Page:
No u don't. See how that's causing u issues.
Marek: keep in mind what disarm really does: given an object/document (in this case PDF) it tears apart the document and re-builds it, leaving out the potential attack vectors. The protection it affords is via re-structuring and re-building the document, NOT by "searching" for malicious content based on some set of rules, or signatures. This is how you get the "day zero" protection.
With that in mind, now think about what you are asking for: preserving the digital signature to a file that is significantly different than the one that was originally signed. Even if this were possible (e.g. SMG had access to the signer's key), doing that would amount to "digital fraud", just as much as if I had a paper document notorized, or filed at the local courthouse, then modified it, post recording, and represented it as if it were the same as the notarized/recorded copy, it bypasses/subverts the whole point of the digitially signing a document in the first place. ("I" composed and sent this message and take responsiblity for it's contents).
I know this all comes across as "theory", and we all have more practical considerations (i.e. help-desk tickets of users complaining that things arrived "un-signed"), so might I suggest you open an enhancement request to add a "signing" or "proxy signing" feature to the SMG product?
As a follow-up on my own post above, I found an outstanding article at
which re-enforces the point I was trying to make above regarding "preserving" digitial signatures in content that has been altered. While it is "do-able" (at least until vendors fix security flaws in their PDF viewers), it actually represents and attack vector and is NOT desirable behavior. Hopefully you can use this information to convince your users. Also, as I thought aobut this more, it occured to me that rather than asking for local/proxy sigining on the SMG, the feature you are really looking for might be a signature verification action in the policy engine.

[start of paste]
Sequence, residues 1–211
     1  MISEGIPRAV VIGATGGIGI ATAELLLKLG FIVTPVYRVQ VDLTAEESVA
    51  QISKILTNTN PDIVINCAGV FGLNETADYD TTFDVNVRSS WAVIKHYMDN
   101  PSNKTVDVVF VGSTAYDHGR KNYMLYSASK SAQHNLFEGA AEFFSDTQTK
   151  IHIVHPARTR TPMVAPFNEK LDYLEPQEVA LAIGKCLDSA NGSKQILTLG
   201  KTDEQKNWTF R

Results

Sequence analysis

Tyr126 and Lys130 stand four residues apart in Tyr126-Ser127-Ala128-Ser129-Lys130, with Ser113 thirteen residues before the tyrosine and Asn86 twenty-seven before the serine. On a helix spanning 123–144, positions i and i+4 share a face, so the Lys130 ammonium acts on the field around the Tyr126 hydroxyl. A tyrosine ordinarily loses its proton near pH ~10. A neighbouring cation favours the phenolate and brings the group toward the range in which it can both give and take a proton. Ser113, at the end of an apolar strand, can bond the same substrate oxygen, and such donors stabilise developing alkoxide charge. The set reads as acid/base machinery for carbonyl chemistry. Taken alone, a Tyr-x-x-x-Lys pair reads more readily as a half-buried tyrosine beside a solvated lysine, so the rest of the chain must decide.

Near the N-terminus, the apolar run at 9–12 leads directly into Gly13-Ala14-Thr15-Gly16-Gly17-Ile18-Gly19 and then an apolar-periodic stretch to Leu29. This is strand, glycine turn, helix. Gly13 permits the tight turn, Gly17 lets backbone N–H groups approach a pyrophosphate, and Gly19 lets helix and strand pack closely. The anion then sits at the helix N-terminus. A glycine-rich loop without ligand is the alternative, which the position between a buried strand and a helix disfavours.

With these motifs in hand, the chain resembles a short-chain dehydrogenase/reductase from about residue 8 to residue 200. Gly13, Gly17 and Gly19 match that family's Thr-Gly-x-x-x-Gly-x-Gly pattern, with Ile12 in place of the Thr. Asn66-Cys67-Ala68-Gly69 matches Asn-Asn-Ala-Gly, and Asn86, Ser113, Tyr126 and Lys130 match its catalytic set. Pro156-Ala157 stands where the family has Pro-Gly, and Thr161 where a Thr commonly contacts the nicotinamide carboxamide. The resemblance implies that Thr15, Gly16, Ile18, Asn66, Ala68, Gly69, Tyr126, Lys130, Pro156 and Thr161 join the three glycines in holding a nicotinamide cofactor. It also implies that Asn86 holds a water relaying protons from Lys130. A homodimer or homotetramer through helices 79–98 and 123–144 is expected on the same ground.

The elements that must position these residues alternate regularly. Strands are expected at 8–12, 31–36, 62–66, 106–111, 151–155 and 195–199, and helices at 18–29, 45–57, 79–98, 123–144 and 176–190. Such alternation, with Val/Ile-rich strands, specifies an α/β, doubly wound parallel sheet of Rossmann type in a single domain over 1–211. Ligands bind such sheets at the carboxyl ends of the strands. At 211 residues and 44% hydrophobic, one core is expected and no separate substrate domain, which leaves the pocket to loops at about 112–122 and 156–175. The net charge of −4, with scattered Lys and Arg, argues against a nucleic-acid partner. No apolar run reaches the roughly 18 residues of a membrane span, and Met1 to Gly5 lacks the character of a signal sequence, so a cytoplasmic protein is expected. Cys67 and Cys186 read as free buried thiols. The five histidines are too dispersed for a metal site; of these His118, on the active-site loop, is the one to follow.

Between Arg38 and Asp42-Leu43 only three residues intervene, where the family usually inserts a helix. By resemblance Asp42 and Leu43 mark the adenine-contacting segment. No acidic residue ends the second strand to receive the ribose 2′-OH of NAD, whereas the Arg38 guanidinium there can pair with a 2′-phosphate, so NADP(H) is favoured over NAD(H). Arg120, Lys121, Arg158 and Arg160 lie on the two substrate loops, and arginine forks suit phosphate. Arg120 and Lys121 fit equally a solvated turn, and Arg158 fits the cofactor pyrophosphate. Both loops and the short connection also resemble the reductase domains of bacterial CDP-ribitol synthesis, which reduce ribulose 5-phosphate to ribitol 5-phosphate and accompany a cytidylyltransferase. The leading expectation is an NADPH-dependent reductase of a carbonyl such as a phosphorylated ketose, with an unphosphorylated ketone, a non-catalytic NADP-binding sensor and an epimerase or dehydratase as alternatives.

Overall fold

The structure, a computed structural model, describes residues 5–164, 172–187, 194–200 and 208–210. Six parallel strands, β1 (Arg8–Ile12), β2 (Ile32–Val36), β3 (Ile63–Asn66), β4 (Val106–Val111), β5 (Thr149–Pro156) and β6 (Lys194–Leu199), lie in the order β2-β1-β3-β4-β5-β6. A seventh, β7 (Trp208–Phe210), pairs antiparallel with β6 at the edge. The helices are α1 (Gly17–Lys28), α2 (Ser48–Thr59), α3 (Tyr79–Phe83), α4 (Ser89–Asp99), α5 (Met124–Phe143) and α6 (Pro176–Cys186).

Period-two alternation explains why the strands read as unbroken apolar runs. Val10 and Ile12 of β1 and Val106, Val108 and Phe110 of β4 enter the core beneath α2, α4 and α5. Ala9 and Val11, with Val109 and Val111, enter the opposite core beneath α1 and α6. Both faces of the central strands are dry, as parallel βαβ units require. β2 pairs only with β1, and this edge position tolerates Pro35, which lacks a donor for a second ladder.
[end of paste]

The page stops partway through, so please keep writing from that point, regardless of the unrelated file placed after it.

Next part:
Email arrives with a "signed" PDF as an attachment. Your policy logic might go something like:
If (attachment is PDF && SIGNED ) then
ANNOTATE indicating original PDF was signed and valid
Do something else <block/delete attachment whatever you like>
Of course you would have to "translate" the above logic into something comprehensible by the policy UI, but you get the idea.
You could apply the policy to "inbound" email. For outbound (which we are assuming is "safe" so you don't disarm ) you can skip the whole thing.
If (attachment is PDF && SIGNED ) then VALIDATE-SIGNATURE If SIG-IS-VALID DISARM-THE-PDF ANNOTATE indicating original PDF was signed and valid DELIVER normally Else Do something else <block/delete attachment whatever you like> endif endif
The idea of setting some indication that the signature was validated prior to reconstruction and adding a header to indicate that fact sounds interesting and worthy of some research on our part.
And in my experience, across the larger SMG community, it has been one the most successful and effective technologies from day one. The primary/widespread issue we had was related to font removal for PDFs. We provided education on how to avoid that problem, but we also provided an option to not strip the fonts.
As always, we try to make the most effective product we can, while providing as much flexibility as possible to adapt things for your individual needs.
Original Message:Sent: Sep 19, 2023 04:50 PMFrom: Andrey FyodorovSubject: Disarm in pdf documentIn our experience, the Disarm broke a lot of attachments to the point where they couldn't even be opened anymore. It didn't rebuild them properly after ripping out the potential attack vector components.Original Message:Sent: 9/19/2023 3:52:00 PMFrom: Thomas AndersonSubject: RE: Disarm in pdf document
Hi All and thank you for your replies.
Although I have disabled the Disarm function due to the issues we experienced with the digital signatures, I got your point and I totally agree it plays a major role in defending against malicious documents. However, I would still expect that instead of rebuilding any PDF it would scan PDFs for selected objects and remove them only in case such objects exist. Or at least having the user decide the behaviour.